[Warning: General spoilers ahead.]
I’m reasonably certain a good time was had by all with that crackling, heartfelt Killjoys Season 4 premiere, penned by series creator Michelle Lovretta. This week, Lovretta graciously agreed to answer questionsÂ over e-mail about the premiere, the two-season renewal, her favorite episodes to write, and more.
“The Warrior Princess Bride” gave us some wonderful insight into how Dutch and Johnny’s relationship has evolved, and Lovretta says it was a mix of fixed ideas and things that changed as the series progressed. “We’ve certainly poked a stick at their friendship origin story a few times through the years, which I’ve really enjoyed. When I first wrote that scene in [Season 1] where John and Dutch are sitting in the rambler and talking about the day they met, I was already hoping we’d find a way to show the audience that moment, and in season three we finally did,” she explains.
“But ‘what happened next’ and ‘how did they become Killjoys’ was still a bit of a fascinating question to me. I knew some of the larger pieces, for sure, like how Dutch got her name. I’ve sat on that wee trivia tidbit since our early development days, so I’m really glad I got a chance to pull that moment out of my head and put it on the screen while we still can. It was just an opportunity I couldn’t resist, for a variety of reasons. Partly it allows me to tell a fun piece of backstory while we can, sure, and get in some good old Killjoys caper shenanigans.”
“But it’s also a way to pause and take a lighter breath after the finale’s crazy cliffhanger drama, while still moving the serialized story forward. Because while this may seem like a one off story, it’s not. Khlyen, as usual, is playing a more advanced game than everyone else, and Dutch and team will spend part of this season trying to figure out exactly what that game is. Why this memory, why now, is part of the riddle.”
The post-Season 3 renewal for two more seasons was a surprise for Lovretta, and it created a whirlwind of emotions as a certainty that they were cancelled changed to having 20 more episodes to wrap up. “It meant a heck of a lot of shock. I went from being confident we weren’t coming back to a sudden double order,” she says.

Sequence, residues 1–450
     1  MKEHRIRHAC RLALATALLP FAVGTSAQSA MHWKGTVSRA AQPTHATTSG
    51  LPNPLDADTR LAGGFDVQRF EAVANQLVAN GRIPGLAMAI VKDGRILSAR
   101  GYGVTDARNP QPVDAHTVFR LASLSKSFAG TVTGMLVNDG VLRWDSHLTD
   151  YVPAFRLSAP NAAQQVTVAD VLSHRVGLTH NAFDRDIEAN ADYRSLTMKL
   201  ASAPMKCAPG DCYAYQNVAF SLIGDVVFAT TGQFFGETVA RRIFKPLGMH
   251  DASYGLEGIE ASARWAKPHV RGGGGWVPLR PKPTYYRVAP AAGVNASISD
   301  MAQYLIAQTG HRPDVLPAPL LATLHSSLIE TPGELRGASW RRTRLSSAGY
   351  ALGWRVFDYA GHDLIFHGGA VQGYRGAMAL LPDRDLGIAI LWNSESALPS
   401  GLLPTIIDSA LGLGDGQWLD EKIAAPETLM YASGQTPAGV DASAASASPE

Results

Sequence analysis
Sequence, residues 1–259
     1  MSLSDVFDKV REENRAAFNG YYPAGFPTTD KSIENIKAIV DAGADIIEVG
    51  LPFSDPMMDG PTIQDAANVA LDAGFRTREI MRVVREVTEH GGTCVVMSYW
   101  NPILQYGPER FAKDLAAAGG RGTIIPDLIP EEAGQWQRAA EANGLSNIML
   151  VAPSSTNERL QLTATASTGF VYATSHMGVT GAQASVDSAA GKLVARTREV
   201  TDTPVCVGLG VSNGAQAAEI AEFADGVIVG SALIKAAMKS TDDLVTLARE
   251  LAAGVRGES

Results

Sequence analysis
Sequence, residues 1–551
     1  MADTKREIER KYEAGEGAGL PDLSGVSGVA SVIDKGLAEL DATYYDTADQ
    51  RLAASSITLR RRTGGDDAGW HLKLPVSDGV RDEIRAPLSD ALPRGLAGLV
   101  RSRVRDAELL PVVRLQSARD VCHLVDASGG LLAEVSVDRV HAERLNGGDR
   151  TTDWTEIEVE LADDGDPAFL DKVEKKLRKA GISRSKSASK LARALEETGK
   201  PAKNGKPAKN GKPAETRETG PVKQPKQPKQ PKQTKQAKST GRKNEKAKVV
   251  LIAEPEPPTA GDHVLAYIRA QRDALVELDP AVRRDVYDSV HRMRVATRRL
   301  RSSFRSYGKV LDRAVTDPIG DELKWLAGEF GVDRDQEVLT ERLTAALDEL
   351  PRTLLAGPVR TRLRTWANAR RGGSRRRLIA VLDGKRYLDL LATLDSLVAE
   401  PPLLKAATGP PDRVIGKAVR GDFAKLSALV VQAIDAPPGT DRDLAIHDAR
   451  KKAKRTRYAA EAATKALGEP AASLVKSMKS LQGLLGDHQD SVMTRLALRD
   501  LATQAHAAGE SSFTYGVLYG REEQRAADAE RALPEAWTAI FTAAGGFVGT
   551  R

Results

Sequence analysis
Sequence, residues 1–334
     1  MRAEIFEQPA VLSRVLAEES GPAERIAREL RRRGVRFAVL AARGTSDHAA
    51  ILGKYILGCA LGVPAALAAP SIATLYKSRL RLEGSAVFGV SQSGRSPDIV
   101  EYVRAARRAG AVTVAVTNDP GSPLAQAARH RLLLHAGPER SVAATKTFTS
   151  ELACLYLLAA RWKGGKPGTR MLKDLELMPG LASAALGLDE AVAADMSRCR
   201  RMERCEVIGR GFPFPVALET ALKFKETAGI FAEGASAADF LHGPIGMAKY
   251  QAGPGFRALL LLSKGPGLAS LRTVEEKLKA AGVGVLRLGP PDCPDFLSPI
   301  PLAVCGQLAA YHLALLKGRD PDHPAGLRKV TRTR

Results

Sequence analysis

“A day before our greenlight I was emailing with our cast, asking how they wanted to to be told if we were canceled — call, text, weeping telegram? I know a lot of people think showrunners are being coy and that secretly we know weeks in advance, but honestly at a certain point it’s all in the hands of the business people.”
“[Often] all we can do on the creative side is sit and wait for the call. In between you hear a lot of backchannel updates [like] ‘it’s looking good!’ [or] ‘oh no wait, we’re probably toast,’ but after a while that becomes white noise because none of it means anything until you get the real call.”
“And this time, we found out we got two seasons worth of final episodes so we could plan our ending. I am and will always be grateful for that opportunity. I love this show, this cast, this big fat world of stories, and our amazing fans. I’m proud of what we’ve made, sad to go, and really happy Adam [Barken] and I have time to tell the ending.”
While Lovretta took a step back from day-to-day showrunning, she’s still heavily involved and writing several episodes. “I tend to write three styles of eps for us — openers, midseason origin reveal stories, and finales. Of the three, I think season openers are hardest — you haven’t got any ramped up, pre-existing emotional stakes to pay off or play with; it’s all about beginnings and setups and new character introductions; and it usually involves a bit more exposition than I’d like,” she points out.
“Premieres usually get allocated a bit more money to be fancy and blingy, though, and that part I love. Fun fact: suddenly having double your usual episode order means that our shooting schedule is tighter than ever now, so we had to shoot 401 in less time than any of our other season premieres. I’m very proud of the amazing work our EP director Stefan [Pleszczynski] did to make that happen and still buy us a little glitz and a lot of fun.”
“A couple of times I’ve elected to write back-to-back episodes for scheduling reasons — 301-302; 401-402 — but it nearly kills me each time. And I deeply love finales, but they’re also the most terrifying to write because you don’t know if you’ll ever be back, so you have to figure out how to leave the audience wanting more without leaving them on a too-cruel cliff.”
“So I’d say the most fun I’ve had is just writing those midseason ‘character heavy’ episodes (107, 207). By that point of the year we’re ready for a big character turn or two, and I have a set of production challenges I give myself so we can start putting aside resources for the finale. I find writing towards those specific limits really enjoyable.”
“Some of my fondest memories on this show are the hilarious horse trading meetings I had with our amazing S2 line producer, DJ, as I started breaking 207: ‘Okay, can you write an ep with no VFX, one less day, and a half day out?’ ‘Yes…but I need a bathtub, a decapitation scene, and a fight in the woods.’ That, my friends, is the joy of making television for me.”
Last week, Lovretta marked the beginning of the road with the series, posting a picture on Twitter from when they kicked off the Season 1 writers room four years ago. Asked what she’d tell herself now, her advice is simple. “Maybe sleep more,” she says. “Maybe sleep at all. You adorable idiot.”
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